Relating to Our Parts

IFS recognizes that our psyches are made up of different parts, sometimes called subpersonalities. You can think of them as little people inside us. Each has its own perspective, feelings, memories, goals, and motivations. For example, one part of you might be trying to lose weight and another part might want to eat a lot. We all have parts like the inner critic, the abandoned child, the pleaser, the angry part, and the loving caretaker. When you become aware of a part, how do you relate to it?

Usually when we become aware of a part, the first thing we do is evaluate it. Is it good or bad for us? If we decide it is good, we embrace it and give it power. We act from it. If we decide it is bad, we try to suppress it or get rid of it. We tell it to go away. For example, you might decide that the part that is trying to lose weight is good, so you embrace it and try hard to control your eating. You also decide that the part that wants to eat is bad, and you try to make it go away. You ignore it and suppress it.

However, this approach usually doesn’t work. You can’t get rid of a part. You can only push it into your unconscious, where it will continue to affect you, but without your awareness. So the part that wants to eat a lot will periodically cause you to do that despite your best efforts to control your eating. Then you get angry at it and judge it. But that doesn’t help. It just makes it (you) feel ashamed and inadequate.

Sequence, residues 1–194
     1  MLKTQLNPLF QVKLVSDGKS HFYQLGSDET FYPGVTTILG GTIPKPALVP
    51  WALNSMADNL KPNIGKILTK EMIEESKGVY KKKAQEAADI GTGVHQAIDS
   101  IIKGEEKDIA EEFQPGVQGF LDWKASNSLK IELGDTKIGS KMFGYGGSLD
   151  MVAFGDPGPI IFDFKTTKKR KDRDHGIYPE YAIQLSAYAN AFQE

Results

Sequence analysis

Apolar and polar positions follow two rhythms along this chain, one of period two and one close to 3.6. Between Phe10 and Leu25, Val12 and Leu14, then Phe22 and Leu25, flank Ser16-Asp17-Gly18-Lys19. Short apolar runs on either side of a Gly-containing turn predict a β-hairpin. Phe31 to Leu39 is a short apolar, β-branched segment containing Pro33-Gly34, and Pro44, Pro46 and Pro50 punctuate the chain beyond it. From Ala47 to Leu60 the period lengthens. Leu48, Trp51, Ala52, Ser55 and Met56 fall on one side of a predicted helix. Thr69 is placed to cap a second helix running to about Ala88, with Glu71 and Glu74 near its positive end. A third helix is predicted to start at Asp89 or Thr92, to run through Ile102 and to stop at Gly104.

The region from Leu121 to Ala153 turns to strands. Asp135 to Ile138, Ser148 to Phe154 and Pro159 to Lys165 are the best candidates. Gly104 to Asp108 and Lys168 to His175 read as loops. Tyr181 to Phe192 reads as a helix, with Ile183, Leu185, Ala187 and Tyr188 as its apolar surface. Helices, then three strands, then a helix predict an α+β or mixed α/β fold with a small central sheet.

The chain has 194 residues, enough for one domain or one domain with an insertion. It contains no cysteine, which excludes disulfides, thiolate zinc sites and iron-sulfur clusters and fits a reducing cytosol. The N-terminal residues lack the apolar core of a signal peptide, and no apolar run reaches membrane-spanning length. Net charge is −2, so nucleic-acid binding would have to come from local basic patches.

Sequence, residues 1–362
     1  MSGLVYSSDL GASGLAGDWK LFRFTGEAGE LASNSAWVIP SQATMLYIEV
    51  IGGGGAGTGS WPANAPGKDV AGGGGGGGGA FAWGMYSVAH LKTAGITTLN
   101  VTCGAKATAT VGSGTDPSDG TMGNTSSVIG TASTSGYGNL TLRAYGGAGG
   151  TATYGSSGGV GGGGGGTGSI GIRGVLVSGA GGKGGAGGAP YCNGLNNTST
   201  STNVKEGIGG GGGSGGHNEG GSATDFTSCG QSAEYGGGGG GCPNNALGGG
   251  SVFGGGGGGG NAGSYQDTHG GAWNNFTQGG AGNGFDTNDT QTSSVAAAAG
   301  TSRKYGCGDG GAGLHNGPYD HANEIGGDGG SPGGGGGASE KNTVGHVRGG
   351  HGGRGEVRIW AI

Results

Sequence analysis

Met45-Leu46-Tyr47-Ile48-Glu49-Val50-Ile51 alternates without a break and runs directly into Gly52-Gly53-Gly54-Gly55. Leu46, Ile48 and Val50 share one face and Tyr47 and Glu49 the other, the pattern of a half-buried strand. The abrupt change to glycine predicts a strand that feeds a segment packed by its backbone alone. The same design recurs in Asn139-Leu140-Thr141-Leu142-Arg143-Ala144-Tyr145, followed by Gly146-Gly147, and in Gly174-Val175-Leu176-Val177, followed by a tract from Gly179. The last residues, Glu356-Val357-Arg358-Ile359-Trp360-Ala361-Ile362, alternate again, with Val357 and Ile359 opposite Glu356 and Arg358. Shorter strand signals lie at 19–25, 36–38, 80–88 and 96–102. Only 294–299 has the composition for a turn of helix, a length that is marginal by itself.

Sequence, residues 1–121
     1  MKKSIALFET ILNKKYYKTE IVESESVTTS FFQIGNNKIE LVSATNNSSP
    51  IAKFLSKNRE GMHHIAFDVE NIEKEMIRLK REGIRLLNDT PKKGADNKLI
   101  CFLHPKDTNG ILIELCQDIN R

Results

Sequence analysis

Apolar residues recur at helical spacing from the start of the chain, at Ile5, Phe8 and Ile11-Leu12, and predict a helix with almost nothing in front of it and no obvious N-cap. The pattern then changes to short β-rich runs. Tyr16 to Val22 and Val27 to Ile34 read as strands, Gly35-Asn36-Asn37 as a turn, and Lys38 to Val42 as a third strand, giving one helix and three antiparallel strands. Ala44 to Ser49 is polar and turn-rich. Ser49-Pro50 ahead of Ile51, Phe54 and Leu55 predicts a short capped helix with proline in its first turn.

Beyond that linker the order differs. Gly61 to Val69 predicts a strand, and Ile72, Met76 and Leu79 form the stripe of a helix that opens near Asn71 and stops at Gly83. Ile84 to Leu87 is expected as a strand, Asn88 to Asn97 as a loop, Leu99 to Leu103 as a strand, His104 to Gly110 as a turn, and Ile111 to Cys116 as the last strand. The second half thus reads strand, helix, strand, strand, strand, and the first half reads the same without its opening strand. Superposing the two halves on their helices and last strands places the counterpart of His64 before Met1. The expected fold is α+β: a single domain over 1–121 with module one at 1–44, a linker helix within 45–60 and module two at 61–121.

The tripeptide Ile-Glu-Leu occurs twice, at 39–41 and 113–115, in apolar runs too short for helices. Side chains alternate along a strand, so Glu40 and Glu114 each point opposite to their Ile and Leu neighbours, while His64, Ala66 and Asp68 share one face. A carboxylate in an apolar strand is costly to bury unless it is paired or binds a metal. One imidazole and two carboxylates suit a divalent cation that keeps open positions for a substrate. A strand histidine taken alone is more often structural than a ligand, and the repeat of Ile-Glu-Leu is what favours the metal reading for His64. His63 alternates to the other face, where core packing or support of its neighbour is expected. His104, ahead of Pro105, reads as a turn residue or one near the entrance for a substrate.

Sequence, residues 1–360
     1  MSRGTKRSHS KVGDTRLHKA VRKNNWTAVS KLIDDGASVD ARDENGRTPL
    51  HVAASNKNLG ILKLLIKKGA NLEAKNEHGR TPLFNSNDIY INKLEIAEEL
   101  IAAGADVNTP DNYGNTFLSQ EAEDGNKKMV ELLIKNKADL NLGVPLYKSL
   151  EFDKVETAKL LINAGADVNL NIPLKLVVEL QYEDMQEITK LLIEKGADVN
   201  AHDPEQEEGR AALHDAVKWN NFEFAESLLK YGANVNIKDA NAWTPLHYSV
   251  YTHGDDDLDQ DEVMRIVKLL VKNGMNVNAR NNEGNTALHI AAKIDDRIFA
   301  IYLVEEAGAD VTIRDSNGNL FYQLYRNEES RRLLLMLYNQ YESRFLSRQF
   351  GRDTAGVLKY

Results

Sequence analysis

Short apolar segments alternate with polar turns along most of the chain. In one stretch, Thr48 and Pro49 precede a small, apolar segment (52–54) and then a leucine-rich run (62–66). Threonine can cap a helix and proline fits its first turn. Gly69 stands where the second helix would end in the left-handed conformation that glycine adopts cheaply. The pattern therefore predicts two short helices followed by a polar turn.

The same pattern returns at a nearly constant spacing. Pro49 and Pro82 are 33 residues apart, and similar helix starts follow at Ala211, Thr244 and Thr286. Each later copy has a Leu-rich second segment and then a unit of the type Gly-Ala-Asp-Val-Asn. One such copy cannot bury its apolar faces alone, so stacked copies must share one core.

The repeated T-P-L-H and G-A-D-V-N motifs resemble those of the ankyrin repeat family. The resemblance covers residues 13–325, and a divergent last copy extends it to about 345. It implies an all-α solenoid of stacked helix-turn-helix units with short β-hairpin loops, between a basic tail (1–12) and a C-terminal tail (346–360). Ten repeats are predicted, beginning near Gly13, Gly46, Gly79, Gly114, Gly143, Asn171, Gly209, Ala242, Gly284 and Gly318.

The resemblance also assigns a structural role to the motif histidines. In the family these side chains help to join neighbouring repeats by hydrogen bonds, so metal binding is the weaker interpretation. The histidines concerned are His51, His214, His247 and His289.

In IFS, we do something altogether different and radical. We welcome all our parts with curiosity and compassion. We seek to understand them and to discover why they are doing what they do, because IFS teaches us that every part has a positive intent for you. Every part is trying to help you feel good or protect you from pain, even if what it accomplishes is the opposite. So we want to understand our parts and appreciate their efforts to help us. We develop a relationship of caring and trust with each part, and then take the steps to release it from its burdens so it can function in a healthy way.

When you get to know the parts that eats, you may discover that it is trying to protect you from the pain of a young part that is constantly hungry because it (you) was schedule-fed when you were an infant. This allows you to appreciate its effort to feed that infant and calm its hunger, even if this doesn’t really work very well and causes other problems. You can then get its permission to work with the infant part and heal it. This is the only sure way to resolve the eating problem.

In the IFS model, relating to our parts with openness and curiosity sets the stage for healing them.